If you’ve ever written an essay or research paper, you’ve probably been told not to use contractions. However, what about contractions in writing? When you’re writing a book, can you use them? Does this differ in academic writing and scholarly writing?
Contractions are a type of informal writing, and yet, they sound far more natural in conversations, or narrative driving a fiction book.
But first, what are contractions? Is there a contractions list?
Knowing how to use contractions is an important grammar rule. And when you know how to use them properly—and when to ignore them—you’ll probably write a better story.
What Are Contractions? Contractions Definition
A contraction is the shortened form of a word. It combine two words—almost always a noun with a verb—linked with an apostrophe into one, shortened word.
Examples of contractions include it’s, wasn’t, haven’t, and hundreds more (see our contractions list below).
We use contractions every day, usually without noticing them. Why? Because contractions are simple, easier to pronounce, and part of our vernacular.
However, if you think contractions are a modern invention, proof that the English language is going to the dogs, you couldn’t be more wrong.
A Brief History of Contractions
Contractions have been around for a very long time—in English, as far back as the creation of the language itself, when the Angles and Saxons invaded the British Isles and mixed the local Celtic dialects with their Germanic languages (the Germans love contractions and compound words).
Since then, the list of contractions continued to expand, usually brought by invaders or imported during cultural movements. For a full history of contractions, read this excellent article.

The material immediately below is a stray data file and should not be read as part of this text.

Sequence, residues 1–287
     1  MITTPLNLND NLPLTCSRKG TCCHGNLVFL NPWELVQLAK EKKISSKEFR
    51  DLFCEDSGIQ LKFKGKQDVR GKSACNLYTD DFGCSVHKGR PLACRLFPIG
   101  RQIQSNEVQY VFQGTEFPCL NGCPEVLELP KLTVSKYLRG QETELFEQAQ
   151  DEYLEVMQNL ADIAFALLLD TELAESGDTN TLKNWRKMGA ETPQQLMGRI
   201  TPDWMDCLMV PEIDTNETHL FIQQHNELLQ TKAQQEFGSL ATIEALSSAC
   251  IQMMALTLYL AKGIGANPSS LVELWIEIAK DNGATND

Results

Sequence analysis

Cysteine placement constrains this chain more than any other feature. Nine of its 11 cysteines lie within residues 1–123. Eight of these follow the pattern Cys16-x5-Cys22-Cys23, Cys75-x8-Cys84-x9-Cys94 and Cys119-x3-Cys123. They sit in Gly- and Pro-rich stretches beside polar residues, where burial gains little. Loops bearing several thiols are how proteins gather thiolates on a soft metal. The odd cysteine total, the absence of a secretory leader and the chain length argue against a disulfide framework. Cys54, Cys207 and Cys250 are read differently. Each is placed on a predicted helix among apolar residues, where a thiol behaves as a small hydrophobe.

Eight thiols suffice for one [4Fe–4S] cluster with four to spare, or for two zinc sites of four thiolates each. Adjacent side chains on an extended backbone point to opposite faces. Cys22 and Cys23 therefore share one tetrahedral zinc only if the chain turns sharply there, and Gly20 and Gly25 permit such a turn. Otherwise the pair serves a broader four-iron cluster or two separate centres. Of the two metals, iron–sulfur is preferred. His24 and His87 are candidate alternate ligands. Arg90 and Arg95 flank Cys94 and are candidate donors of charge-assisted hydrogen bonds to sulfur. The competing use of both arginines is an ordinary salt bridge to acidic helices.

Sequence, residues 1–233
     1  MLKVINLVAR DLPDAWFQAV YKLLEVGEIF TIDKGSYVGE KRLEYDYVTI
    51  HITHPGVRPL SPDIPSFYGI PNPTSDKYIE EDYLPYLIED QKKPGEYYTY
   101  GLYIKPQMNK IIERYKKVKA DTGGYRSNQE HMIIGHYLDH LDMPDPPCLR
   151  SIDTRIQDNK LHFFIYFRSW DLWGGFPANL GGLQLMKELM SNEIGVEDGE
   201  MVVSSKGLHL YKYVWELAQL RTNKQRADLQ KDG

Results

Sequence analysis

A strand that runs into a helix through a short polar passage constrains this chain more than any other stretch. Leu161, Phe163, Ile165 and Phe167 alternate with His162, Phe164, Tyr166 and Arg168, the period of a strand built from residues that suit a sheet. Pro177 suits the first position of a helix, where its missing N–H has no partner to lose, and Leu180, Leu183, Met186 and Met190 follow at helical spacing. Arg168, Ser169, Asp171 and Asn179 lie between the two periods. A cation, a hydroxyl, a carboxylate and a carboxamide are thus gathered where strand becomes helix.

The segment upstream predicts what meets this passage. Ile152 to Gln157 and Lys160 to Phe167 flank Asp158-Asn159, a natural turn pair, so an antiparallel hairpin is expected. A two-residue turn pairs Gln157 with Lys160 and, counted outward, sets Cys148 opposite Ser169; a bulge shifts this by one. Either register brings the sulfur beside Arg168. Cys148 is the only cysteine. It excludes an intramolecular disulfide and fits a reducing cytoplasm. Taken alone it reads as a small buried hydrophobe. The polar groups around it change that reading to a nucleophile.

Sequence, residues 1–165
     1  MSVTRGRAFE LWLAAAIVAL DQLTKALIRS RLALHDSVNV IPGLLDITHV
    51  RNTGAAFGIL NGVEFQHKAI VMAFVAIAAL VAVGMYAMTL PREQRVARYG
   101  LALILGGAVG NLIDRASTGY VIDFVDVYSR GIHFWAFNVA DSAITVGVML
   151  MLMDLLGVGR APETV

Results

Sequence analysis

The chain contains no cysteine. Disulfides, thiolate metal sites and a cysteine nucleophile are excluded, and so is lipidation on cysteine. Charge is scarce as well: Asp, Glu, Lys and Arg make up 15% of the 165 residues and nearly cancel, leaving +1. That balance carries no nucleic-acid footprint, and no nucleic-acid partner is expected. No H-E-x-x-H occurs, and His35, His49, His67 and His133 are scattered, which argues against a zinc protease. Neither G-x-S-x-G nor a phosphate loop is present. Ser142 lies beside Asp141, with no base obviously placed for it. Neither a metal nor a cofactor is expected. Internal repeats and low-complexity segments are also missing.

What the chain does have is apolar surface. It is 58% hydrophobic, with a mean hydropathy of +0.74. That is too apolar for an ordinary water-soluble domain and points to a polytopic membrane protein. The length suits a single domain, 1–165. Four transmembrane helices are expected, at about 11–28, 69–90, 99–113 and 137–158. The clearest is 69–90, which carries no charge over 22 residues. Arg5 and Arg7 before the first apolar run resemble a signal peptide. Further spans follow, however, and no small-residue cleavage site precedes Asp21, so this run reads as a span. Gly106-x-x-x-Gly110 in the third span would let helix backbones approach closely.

Should Contractions Be Used in Writing?
You might think contractions can’t be used in the canons of literature, but this conversational approach appears in literary masterpieces, from Beowulf to Moby Dick to Great Expectations to Ulysses to modern bestsellers and more (see examples below).
Even the Chicago Manual of Style recommends the use of contractions in writing, saying, “Most types of writing benefit from the use of contractions” (5.103).
However, the reality is that contractions have been used in English writing for over 1,400 years. And yes, they’re even used in scholarly articles (it’s about 2,750,000 times, can’t about 3,290,000 times, don’t about 4,270,000 times).
What are some of the most common contractions? I’m glad you asked:
Unsure about which contractions you’re using or should be using? Below is a list of commonly used contractions that will help your narrative carry a conversational tone (you can find a full contractions list here):
I am = I’m
You are = You’re
They are = They’re (not to be confused with there or their)
Do not = Don’t
Would have = Would’ve
She would = She’d
He would = He’d
Will not = Won’t
Cannot = Can’t
Should not = Shouldn’t
It is = It’s (not to be confused with its, the possessive)
Is not = Isn’t
The following three-word-contractions aren’t as common (at least in writing), but they are awesome:
Might not have = Mightn’t’ve
Should not have = Shouldn’t’ve
While experts often discourage the use of contractions in formal communication, you’ll probably find contractions of verb phrases used in business or casual conversations—or scenes like these in books—since contractions make for an easier, more casual tone.
Sentences like these sound more natural, and therefore more personal. Like everyday speech.
Let’s look at some examples that model this.
Examples of Contractions Used in Classic Literature
Contractions can be frequently found in literature, both modern and classic.
Here’s a list of contractions we found in the literary canon.
Please note that while some say contractions should only be used in dialogue, these examples of contractions were found both in dialogue and normal prose.
From Herman Melville’s Moby Dick, Chapter Three: